Mistake #1: Trying to fit too much information on your resume
If you’re a nurse who’s got 10 travel assignments under your belt or held a staff position for over 10 years and cycled through a few different departments while mastering them all, it can be tempting to try to include all this information on your resume. However, this will just end up making your resume look cluttered and disorganized. If possible, try to tailor your resume to each job you’re applying to – give employers the highlights and expand on details in your interview, rather than overwhelming your prospective employer with too much information
Mistake #2: Using the same resume for every position
While your resume should not include TOO much information, you also don’t want to be too general. If you’ve been a nurse for a couple years, then you should have enough relevant information to tailor your resume to different roles and facilities. If you’re applying for a Level 1 trauma center, bring in your experience of dealing with acute patient conditions and high-pace environments. If you’re applying for a rural facility, mention your working relationships with others and bedside care, as these will make all the difference to a self-reliant hospital without access to medical facilities nearby.
Mistake #3: Making spelling/grammar mistakes
There’s no worse way to throw away your chances at your dream travel nursing assignment than with a simple spelling mistake. Nurses, as a profession, are detail-oriented and meticulous when it comes to treatment, medication, and check-ins, so a nurse who doesn’t exhibit these behaviors on their resumes will raise a few red flags. Here’s a few ways to make sure that you’re putting your best step forward with your spelling and grammar:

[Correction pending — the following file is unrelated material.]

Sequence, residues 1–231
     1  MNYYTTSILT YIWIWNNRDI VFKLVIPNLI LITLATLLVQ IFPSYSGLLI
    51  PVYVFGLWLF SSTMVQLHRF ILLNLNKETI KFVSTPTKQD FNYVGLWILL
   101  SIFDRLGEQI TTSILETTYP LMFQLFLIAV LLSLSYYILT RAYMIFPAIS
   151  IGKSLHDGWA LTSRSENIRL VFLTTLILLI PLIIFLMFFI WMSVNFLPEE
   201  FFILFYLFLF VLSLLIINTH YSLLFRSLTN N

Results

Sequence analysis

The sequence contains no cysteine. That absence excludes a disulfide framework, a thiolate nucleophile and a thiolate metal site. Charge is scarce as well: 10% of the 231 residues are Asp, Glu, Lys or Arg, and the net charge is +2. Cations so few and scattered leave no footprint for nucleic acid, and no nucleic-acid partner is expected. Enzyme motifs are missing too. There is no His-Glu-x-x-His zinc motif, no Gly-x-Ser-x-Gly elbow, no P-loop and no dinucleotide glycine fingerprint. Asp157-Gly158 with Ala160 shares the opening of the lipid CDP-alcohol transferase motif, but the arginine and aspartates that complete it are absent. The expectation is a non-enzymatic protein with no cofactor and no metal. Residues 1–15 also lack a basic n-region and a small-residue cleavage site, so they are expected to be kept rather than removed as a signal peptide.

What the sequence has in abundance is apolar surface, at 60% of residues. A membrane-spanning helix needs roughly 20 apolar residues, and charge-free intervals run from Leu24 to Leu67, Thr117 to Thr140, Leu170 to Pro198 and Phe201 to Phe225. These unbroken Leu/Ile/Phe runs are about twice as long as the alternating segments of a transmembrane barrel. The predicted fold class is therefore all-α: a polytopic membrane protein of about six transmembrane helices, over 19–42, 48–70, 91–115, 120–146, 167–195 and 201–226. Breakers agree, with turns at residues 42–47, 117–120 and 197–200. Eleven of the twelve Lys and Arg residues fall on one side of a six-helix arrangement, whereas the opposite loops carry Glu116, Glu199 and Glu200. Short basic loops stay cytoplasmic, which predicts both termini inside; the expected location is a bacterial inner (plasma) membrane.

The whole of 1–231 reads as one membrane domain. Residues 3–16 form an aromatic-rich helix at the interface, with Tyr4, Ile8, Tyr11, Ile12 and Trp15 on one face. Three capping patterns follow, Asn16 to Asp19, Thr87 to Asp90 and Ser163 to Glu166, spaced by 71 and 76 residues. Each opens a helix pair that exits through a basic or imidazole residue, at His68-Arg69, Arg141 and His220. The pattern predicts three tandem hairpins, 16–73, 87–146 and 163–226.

- Read your resume aloud – this is one of the best ways to catch mistakes and awkward grammar.
- Use a grammar and spellcheck tool – Grammarly is a great free online tool, and Microsoft Word’s spellcheck can now catch awkward wording and unnecessary words.
- Send your resume to a few friends to look over. No matter how closely you check your work, there’s always a possibility of missing something. Send your resume to friends to get more eyes on it and catch anything you might have missed!
Mistake #4: Using formatting/fonts that confuse the Applicant Tracking System (ATS)
For better or for worse, hiring managers don’t have as much time to screen applicants as they used to. This process is often automated in businesses today, and your resume will probably be screened by an automated system before a pair of human eyes are laid on it. If you’re a great fit for the job, you’ll probably be fine, unless your resume is formatted in a way that makes it hard for the system to understand it. Here’s a few tips on how to make sure you don’t get locked out of the application process by an Applicant Tracking System (ATS):
- Keep your document simple: don’t use any headers or footers, don’t embed any images in your resume, and use basic fonts (nothing fancy or hard to read). Keep your document as simple as possible and try to stick to plain text and bullet points.
- Use keywords from the job description and agency’s website: as you’re tailoring your resume for the specific position, try to mirror some of the terms used in the job description.
- Use common headings: don’t get fancy with the headers of the different sections of your resume. Just use the simple “work history,” “education,” and “relevant skills.”
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